The Fifth Season opens with a prologue where an as-yet-unnamed orogene man and his companion (a mysterious creature called a "stone eater" who isn't human but can make herself appear like one) look over Yumenes before said man, intending to break the world, creates an earthquake that destroys the capital and sets off a new Season. The chapters after that follow any one of our three main characters, who are each orogene women/girls. In the order that they're introduced:
Essun. A 42-year-old wife, mother, and schoolteacher in a comm called Tirimo, where she's been passing as a still for the past 10 years. The only people who know her secret are her friend Lerna (a doctor) and her two young children who are orogenes just like her. The day of the Yumenes quake, but before its reverberations would have hit Tirimo, Essun finds her almost-three-year-old son Uche dead at home, and her daughter Nassun (older than Uche) missing. (Presumably, at least as Essun has deduced, her husband Jija discovered that Uche was orogene and beat him to death, then fled with Nassun in tow.) While mourning over her son's body, she diverts the Yumenes quake away from Tirimo when she senses ("sesses") it coming, but this tips off everyone else in town that she's orogene, and she has to flee the comm because they're biggots (and because she needs to find her daughter). She then heads southward, in the opposite direction of Yumenes, and is gradually accompanied by a little boy named Hoa (a stone eater) and a trans woman named Tonkee, a scientist who's obsessed with studying obelisks. They eventually arrive at a comm called Castrima, which is an above-ground front for an underground geode city that runs on orogeny and welcomes orogenes. Essun doesn't find her husband or daughter there, but she is reunited with Lerna... and someone else too. Essun's are the only chapters written in 2nd rather than 3rd person.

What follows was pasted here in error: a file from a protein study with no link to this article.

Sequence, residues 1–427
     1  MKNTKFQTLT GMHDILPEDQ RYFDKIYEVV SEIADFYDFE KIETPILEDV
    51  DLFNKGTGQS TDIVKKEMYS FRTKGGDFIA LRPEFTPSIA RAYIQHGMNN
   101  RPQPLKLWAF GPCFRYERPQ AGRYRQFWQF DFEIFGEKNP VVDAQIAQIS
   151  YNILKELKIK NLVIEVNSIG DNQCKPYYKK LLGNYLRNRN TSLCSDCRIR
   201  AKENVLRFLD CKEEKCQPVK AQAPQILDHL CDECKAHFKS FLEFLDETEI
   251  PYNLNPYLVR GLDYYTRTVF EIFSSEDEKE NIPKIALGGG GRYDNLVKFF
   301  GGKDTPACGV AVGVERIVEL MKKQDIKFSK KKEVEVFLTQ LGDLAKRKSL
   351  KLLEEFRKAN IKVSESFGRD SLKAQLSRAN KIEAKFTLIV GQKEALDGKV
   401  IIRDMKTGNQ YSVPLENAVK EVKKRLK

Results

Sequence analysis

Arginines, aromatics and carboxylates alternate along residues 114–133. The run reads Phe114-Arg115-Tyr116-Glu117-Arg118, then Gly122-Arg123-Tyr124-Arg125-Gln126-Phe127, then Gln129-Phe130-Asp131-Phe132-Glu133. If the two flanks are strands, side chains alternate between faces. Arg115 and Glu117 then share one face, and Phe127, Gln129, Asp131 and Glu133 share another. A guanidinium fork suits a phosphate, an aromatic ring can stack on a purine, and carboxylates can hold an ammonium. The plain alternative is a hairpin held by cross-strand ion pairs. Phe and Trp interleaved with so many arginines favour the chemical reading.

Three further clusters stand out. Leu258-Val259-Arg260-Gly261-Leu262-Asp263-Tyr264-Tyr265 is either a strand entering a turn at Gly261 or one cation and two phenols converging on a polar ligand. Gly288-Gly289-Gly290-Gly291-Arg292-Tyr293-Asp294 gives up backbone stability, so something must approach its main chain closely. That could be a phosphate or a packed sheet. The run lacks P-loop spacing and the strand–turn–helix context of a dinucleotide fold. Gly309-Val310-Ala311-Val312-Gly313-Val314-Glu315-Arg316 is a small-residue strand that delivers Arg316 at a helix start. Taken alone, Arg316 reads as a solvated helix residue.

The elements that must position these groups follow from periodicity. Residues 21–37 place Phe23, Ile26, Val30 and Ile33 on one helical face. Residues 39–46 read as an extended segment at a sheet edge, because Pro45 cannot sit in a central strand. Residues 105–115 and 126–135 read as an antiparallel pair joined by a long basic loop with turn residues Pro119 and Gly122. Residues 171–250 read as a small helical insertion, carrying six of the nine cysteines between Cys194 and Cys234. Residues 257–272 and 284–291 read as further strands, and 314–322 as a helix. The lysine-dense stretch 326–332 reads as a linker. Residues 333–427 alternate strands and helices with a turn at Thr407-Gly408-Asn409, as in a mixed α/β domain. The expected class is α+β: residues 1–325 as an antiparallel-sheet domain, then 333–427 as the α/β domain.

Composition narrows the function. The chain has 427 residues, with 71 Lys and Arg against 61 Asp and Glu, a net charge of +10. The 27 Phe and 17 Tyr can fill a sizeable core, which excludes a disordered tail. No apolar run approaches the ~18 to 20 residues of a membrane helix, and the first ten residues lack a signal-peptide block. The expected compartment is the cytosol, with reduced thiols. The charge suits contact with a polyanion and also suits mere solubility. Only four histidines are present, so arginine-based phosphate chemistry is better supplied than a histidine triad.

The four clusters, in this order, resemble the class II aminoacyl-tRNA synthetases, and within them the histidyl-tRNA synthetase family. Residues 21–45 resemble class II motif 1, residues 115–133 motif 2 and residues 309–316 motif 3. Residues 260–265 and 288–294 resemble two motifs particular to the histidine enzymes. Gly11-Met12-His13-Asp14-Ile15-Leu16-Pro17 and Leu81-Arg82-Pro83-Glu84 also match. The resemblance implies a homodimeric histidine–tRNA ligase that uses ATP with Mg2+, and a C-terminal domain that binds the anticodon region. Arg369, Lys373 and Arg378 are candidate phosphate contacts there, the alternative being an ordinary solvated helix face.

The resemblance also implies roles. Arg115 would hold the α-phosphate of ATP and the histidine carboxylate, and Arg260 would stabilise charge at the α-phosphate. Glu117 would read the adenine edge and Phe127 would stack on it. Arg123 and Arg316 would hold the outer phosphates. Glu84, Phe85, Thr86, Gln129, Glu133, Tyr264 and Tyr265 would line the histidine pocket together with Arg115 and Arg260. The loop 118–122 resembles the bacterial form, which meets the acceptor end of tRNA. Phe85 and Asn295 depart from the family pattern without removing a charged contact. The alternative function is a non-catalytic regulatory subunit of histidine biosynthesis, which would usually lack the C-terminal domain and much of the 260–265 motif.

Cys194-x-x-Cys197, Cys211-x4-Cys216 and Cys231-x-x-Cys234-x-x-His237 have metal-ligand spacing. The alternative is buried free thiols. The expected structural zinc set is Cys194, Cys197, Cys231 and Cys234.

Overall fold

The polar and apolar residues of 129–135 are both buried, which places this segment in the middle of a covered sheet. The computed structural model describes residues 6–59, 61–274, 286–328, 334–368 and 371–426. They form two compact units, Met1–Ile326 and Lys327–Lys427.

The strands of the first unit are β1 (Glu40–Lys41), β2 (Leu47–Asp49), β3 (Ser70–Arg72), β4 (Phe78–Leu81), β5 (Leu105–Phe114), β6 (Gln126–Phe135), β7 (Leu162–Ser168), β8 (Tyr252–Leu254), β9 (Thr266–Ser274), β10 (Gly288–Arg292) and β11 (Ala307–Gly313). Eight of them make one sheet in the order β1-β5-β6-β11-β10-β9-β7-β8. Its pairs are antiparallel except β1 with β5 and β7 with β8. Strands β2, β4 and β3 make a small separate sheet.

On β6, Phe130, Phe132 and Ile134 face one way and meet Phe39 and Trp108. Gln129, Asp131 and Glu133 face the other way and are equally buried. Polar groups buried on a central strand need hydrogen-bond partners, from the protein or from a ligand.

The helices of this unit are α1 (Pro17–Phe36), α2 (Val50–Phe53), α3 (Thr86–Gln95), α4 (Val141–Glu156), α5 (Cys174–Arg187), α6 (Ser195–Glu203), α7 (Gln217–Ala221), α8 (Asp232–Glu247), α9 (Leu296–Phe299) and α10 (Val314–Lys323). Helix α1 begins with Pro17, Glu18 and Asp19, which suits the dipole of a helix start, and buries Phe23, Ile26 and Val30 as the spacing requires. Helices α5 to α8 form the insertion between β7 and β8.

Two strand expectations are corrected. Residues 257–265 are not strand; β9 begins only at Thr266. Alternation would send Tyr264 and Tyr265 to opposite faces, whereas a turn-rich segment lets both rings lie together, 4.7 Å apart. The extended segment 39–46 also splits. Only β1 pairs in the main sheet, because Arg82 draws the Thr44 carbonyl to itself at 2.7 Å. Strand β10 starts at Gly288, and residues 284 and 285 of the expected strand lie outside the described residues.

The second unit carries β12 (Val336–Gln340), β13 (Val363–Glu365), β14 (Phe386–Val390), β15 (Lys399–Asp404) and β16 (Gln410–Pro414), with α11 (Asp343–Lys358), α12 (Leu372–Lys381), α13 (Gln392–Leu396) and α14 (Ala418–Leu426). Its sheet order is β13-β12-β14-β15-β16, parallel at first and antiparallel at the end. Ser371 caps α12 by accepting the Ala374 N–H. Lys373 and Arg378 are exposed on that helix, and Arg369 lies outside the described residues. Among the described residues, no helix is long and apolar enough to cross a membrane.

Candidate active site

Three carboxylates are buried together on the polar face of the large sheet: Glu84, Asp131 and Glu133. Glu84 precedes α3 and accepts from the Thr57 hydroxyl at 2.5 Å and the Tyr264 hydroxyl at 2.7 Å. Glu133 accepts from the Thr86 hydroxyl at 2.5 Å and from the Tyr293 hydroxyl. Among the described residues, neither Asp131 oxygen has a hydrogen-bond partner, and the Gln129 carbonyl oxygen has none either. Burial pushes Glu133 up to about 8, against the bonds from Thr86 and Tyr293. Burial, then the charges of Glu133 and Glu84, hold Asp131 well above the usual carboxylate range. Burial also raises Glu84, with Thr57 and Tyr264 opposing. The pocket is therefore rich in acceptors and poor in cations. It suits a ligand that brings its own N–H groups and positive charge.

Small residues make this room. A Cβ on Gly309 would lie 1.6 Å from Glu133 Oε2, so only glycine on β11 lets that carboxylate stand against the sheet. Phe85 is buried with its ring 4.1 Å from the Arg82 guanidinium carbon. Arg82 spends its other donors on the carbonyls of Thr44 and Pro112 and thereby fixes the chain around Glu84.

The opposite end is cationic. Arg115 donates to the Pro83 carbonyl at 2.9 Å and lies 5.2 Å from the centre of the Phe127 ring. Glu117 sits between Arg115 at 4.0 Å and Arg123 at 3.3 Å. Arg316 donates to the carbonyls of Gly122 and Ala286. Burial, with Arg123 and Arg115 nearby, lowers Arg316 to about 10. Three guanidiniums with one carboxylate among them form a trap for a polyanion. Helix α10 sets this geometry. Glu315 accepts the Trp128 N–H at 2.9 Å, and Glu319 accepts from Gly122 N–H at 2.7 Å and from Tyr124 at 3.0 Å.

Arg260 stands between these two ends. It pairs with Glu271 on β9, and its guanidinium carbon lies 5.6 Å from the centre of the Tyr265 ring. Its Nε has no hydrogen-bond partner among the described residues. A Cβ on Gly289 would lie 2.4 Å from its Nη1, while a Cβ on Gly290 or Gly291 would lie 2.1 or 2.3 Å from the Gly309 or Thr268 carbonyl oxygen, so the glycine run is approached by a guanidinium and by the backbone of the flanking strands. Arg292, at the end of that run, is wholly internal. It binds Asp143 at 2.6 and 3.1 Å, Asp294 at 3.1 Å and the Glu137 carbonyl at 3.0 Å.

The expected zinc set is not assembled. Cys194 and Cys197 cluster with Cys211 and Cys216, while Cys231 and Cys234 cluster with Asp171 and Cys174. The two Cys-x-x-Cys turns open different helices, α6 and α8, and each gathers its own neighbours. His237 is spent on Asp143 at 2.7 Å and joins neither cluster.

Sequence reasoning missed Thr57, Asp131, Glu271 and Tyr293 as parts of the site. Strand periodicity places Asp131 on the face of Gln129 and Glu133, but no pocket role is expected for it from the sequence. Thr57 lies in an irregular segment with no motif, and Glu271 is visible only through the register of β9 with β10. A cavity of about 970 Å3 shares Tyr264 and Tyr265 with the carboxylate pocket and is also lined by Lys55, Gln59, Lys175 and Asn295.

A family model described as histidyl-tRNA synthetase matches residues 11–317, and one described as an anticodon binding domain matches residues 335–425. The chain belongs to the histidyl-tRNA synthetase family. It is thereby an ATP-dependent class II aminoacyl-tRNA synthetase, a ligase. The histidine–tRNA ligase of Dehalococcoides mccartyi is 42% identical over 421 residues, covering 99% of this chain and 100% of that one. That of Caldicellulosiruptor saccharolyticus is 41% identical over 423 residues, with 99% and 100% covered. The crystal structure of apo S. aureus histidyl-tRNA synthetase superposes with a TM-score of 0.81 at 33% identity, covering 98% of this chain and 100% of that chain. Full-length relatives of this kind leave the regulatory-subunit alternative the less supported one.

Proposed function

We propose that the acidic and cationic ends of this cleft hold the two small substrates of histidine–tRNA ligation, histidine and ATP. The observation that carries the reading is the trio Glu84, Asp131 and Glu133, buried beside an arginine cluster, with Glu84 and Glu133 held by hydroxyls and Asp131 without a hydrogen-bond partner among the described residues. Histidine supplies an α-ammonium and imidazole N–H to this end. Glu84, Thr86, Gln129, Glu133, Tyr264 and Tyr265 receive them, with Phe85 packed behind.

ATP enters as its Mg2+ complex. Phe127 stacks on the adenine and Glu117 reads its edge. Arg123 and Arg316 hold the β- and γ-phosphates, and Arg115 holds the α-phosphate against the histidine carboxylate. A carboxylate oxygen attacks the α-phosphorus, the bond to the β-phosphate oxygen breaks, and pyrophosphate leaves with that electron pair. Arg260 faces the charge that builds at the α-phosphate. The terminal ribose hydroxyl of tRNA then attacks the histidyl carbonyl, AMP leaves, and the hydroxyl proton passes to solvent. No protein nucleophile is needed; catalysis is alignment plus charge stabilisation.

Damaya. A little girl in a rural comm who's the only orogene in her family; her parents (especially her abusive mother) fear her and make her live outside in the family barn once her powers become more apparent. Her mother arranges to have Damaya taken away, and that's when a Guardian (Schaffa, Damaya's specifically-assigned Guardian) arrives to take Damaya to Yumenes. Damaya thrives as an advanced learner at the Fulcrum, and when she realizes she's being bullied by other kids (or "grits", as orogene children in basic training are called), her method of stopping them has extreme but conclusive consequences. She wanders around the Fulcrum during her free time. Which is fine, until she and a still girl who's posing as a grit find a secret passage, which leads to a secret pit where the floating obelisks used to be made. On top of seeing what she's not supposed to see, the Guardian who catches them becomes possessed and starts telling Damaya vague but ominous things that she's not supposed to hear, and Schaffa kills that Guardian in front of Damaya. If Damaya can't be obedient she must at the very least prove herself useful, and so Schaffa immediately makes her take and pass her first ring test to spare her from being gravely punished for the discovery she's made.